Amid the shocking money laundering indictment by the United States of former Minister of Commerce Donville Inniss, some members of the Democratic Labour Party (DLP) are calling for the party to postpone its annual conference scheduled for Sunday.
According to one source familiar with the request, some members of the executive are pushing for a two-week postponement, arguing that the Inniss issue would be a dark cloud overshadowing the entire affair.
The source also noted that with Inniss – who was to contest the position of general secretary – now out of the reckoning, the process of electing a new executive would be somewhat out of whack
“This thing has come as a shock to the entire party and I think some members would need some time to gather themselves. Inniss was down to contest the position as general secretary and now he would not be able to make it on Sunday or possibly ever again. So persons have suggested that the conference be pushed back by two weeks,” the source told Barbados TODAY.
It was not immediately clear if the suggestion was being seriously considered by the party, which is still under the control of former Prime Minister Freundel Stuart, the outgoing DLP president.
Efforts to reach members of the executive, including General Secretary George Pilgrim, were unsuccessful.
However, party stalwart Astor B Watts told Barbados TODAY he was aware of efforts to postpone the conference. The 97-year-old DLP faithful argued that while Inniss’ arrest was a big blow to the party, members needed to face the music sooner rather than later.
“I am told that someone either wrote or suggested to put it off for two weeks. That does not make sense because even if you put it off for two years that sore is going to be there. We are going to have to work around it because Jesus, when he was on this earth, had all kind of things happen to him but he still kept his focus on God,” Watts said.
“We as a party will have to move past this because people will always remember that Donville was charged with a serious crime,” he added.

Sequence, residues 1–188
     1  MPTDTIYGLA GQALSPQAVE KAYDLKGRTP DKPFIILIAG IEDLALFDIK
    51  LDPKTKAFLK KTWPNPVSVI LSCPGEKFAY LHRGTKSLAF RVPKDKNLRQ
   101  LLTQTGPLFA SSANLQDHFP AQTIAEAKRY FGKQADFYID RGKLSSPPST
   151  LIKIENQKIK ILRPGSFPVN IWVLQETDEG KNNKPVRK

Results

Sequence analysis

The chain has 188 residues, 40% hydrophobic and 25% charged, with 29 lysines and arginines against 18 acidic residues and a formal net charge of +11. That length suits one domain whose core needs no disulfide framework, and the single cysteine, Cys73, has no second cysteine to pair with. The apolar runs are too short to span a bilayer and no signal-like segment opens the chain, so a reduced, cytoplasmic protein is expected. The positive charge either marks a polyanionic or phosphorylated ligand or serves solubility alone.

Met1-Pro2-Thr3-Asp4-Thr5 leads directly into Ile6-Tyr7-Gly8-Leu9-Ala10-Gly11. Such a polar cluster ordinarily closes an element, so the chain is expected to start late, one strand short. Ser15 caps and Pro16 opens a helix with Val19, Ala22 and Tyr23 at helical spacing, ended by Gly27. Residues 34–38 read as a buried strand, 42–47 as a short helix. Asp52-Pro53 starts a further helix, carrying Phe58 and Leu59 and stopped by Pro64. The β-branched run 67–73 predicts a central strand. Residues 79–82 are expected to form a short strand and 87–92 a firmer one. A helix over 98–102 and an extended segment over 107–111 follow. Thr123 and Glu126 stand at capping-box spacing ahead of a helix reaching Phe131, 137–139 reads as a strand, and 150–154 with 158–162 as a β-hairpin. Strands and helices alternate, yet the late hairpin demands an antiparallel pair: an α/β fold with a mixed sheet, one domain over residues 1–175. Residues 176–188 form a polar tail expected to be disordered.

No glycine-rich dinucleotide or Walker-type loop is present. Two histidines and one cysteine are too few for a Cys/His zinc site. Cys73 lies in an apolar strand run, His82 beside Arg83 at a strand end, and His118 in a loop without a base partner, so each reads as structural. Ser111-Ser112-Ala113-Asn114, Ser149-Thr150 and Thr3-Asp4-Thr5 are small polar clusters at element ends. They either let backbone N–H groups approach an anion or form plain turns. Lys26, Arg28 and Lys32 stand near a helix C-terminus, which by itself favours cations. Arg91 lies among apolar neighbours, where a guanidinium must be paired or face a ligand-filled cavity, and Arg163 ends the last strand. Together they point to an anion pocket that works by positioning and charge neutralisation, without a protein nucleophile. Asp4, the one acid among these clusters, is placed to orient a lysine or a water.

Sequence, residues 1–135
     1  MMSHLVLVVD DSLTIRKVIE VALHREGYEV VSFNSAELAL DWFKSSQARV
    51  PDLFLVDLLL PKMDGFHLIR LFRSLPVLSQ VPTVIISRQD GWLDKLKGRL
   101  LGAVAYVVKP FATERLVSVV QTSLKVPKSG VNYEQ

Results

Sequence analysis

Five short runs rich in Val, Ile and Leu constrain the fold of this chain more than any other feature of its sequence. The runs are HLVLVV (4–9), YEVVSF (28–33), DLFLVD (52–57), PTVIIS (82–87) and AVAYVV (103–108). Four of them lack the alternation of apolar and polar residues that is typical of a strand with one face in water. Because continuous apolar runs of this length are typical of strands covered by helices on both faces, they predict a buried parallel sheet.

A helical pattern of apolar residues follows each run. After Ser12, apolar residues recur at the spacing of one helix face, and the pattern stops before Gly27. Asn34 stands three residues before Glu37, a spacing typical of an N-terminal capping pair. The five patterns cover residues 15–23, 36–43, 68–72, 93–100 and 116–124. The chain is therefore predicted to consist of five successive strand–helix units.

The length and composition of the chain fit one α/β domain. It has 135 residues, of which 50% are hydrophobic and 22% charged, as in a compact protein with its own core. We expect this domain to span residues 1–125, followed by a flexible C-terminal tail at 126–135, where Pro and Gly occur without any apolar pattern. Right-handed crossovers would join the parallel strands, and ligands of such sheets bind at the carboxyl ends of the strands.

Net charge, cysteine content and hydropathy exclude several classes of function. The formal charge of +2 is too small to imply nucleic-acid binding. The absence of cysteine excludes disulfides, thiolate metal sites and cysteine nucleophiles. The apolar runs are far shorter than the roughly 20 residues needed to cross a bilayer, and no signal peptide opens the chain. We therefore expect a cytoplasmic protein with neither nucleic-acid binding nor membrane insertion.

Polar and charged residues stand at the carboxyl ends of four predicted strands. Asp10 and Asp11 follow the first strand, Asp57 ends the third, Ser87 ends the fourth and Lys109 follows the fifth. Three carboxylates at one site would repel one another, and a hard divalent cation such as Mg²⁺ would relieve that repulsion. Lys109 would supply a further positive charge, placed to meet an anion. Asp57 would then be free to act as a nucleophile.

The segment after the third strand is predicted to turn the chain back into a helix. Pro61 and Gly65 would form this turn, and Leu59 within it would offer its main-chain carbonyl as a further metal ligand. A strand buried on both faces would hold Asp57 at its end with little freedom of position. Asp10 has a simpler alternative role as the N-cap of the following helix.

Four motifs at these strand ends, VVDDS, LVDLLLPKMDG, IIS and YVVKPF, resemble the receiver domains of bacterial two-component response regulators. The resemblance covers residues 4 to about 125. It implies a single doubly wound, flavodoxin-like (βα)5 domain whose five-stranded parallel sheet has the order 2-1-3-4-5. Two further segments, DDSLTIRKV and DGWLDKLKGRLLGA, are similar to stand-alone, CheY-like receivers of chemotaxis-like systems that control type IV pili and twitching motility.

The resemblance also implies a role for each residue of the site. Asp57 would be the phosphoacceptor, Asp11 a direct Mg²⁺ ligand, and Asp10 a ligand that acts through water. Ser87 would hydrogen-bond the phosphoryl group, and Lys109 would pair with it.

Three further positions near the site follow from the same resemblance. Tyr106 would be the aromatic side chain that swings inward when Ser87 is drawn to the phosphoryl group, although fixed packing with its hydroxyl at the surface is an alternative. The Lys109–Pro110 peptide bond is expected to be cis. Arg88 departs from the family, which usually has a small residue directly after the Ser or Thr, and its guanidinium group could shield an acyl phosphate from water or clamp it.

Inniss, who represented St James South in the House of Assembly for ten years before he was whipped by Sandra Husbands of the Barbados Labour Party in the May 24 general election, securing only 24 per cent of the votes cast, compared to 68 per cent by Husbands, was arrested in the United States in the early hours of Friday morning, and was subsequently charged with money laundering.
In a three-count Grand Jury indictment, the US attorney for the Eastern District of New York accuses the former Cabinet minister of engaging in a scheme to accept US$36,000 in bribes from a Barbadian insurance company, then laundering the cash into the US.
The alleged incidents occurred some time between August 2015 and April 2016, the indictment said.
It also said it involved insurance contracts with the Barbados Investment and Development Corporation by a majority-Bermudian owned Barbadian insurance company not named in the indictment, but since identified as the Insurance Corporation of Barbados.
Watts argued that even though Inniss was the lone defendant, his arrest cast a shadow over his former Cabinet colleagues, who would now be under public scrutiny.
“It is not only going to be a shadow on him and his other party colleagues but the entire party. Human nature is going to lump all of us in the same group until we are able to stand up and present integrity and show that our characters are not foiled by the under current. That is what we must do now. As the conscience of the others are clear then they should be able to stand and hold their right hand in the air towards the Almighty and declare before God and man that they did nothing wrong,” he stressed.